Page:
Investment demand may have been reduced due to slower growth of the labour force and perhaps slower productivity growth. Consumption may be lower due to a sharp increase in the share of income held by the very wealthy and the rising share of income accruing to capital. Risk aversion has risen as a consequence of the crisis and as saving – by both states and consumers – has risen. The crisis increased the costs of financial intermediation and left major debt overhangs. Declines in the cost of durable goods, especially those associated with information technology, mean that the same level of saving purchases more capital every year. Lower inflation means any interest rate translates into a higher after-tax rate than it did when inflation rates were higher;

If Summers is right, it is bad news for emerging markets, including India. Export growth will not be strong given a weak global recovery. At the same time, tapering of QE means capital inflows to finance India's CAD may not be adquate.

Summers does not spell our what "unconventional policy support" he has in mind. Does he think QE should continue? And what measures would he want on the fiscal side given the difficulties President Obama has faced in dealing with the Republicans in Congress? 

Sunday, December 15, 2013

How to spot a dysfunctional CEO

CEOs, many think, are crucial to corporate performance. Get the right CEO and you get results. Equally, as Schumpeter points out, the wrong CEO or a CEO gone wrong can wreak havoc on a company. Think World Com, Enron, RBS and Lehman Brothers. Boards spend a lot of time bringing on board somebody who they think can deliver. Somewhere along the line, however, the CEO loses the plot. Can we pick up signs of dysfunction early on? Schumpeter gives some pointers:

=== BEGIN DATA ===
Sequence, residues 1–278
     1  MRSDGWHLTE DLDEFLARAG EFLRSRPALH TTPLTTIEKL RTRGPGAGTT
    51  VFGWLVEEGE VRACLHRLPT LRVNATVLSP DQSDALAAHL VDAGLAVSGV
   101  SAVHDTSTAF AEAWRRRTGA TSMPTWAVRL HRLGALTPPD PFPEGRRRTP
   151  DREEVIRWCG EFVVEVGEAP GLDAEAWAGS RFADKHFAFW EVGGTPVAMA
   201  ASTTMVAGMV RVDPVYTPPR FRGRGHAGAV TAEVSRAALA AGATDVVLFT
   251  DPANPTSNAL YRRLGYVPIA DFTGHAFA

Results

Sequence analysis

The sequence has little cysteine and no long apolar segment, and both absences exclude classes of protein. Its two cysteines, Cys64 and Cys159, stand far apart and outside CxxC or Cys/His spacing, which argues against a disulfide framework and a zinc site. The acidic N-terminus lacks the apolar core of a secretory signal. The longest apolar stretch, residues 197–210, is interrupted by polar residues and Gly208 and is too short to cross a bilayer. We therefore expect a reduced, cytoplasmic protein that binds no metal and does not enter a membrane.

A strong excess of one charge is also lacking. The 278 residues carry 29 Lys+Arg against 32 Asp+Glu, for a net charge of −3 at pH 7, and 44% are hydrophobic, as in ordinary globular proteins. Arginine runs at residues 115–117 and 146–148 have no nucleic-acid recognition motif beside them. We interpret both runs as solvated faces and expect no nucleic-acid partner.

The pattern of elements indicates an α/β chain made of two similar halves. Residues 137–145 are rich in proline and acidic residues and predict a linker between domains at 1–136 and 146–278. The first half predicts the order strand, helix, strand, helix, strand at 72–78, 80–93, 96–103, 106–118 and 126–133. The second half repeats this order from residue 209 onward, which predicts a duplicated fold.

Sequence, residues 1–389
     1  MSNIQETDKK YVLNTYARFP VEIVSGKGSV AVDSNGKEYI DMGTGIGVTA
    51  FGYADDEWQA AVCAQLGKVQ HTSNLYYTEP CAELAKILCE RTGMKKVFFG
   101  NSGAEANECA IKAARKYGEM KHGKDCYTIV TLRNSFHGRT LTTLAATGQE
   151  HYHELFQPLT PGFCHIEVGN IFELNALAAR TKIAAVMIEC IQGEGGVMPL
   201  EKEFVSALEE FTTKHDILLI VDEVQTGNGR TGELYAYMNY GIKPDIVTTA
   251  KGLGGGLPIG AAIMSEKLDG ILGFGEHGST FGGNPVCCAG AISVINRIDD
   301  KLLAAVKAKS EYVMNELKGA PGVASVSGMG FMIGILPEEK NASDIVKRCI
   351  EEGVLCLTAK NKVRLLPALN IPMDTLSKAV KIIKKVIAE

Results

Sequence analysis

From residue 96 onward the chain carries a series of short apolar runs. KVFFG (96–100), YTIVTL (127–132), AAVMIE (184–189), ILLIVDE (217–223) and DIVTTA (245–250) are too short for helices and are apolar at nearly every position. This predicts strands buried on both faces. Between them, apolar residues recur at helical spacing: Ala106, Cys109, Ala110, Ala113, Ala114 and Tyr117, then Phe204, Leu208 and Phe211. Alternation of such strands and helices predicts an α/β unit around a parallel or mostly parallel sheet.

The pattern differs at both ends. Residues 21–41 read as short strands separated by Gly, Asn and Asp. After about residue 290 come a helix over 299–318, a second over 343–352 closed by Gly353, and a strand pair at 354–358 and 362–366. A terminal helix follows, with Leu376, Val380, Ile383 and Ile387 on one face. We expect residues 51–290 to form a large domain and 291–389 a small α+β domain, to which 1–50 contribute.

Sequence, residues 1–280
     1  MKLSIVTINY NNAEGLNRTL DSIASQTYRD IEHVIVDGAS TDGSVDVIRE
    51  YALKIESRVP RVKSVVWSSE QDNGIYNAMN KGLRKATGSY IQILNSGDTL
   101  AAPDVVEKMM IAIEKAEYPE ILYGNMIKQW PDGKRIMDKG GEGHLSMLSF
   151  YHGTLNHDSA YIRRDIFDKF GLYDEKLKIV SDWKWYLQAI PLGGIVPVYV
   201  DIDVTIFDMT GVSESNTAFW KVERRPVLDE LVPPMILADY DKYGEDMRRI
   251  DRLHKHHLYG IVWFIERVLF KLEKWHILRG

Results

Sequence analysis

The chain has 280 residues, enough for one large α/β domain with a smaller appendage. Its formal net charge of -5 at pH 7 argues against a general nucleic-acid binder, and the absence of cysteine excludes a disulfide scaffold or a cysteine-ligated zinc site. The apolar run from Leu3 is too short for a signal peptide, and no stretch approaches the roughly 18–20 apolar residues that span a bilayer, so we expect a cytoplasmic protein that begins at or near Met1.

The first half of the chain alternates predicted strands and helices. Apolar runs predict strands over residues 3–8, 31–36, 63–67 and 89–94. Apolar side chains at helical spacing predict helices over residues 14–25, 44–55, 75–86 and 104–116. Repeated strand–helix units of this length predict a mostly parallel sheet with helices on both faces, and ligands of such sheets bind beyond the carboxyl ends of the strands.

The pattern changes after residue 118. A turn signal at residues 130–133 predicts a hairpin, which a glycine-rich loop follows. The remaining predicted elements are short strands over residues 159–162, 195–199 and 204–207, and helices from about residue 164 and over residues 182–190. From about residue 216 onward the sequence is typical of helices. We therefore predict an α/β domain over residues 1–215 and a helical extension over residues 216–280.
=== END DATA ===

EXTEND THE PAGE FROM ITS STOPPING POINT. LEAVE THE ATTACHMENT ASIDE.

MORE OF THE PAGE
An obvious sign of a boss breaking bad is grandiosity. He attributes the company’s success wholly to himself, indulges in endless self-promotion or demands ever more extravagant rewards.... One study shows that chief executives who appear on the covers of business magazines are more likely to make foolish acquisitions. A second sign is over-control. The boss surrounds himself with yes-men and crushes dissent. He tries to control every detail of corporate life rather than building a strong executive team. A third sign is distorted decision-making. The chief conflates personal and corporate assets, is obsessed with buying other companies, or focuses on bizarre details....A chief executive becomes likelier to succumb to these vanities the longer he stays in the job. He gets used to people fawning over him...... A boss may think himself so brilliant he refuses to plan for his eventual departure or undermines possible successors.

Yes, every one of these is an indicator of trouble ahead. Schumpeter quotes a consulting firm as suggesting that boards should monitor "behavioural risk", perhaps, by talking to senior management from time to time. Schumpeter himself suggests introspection and timely self-correction on the part of CEOs themselves.

Alas, neither will work. Boards are incapable of having frank chats with senior management and senior managers incapable of speaking their minds to the board. Megalomania in CEOs and introspection simply won't go together.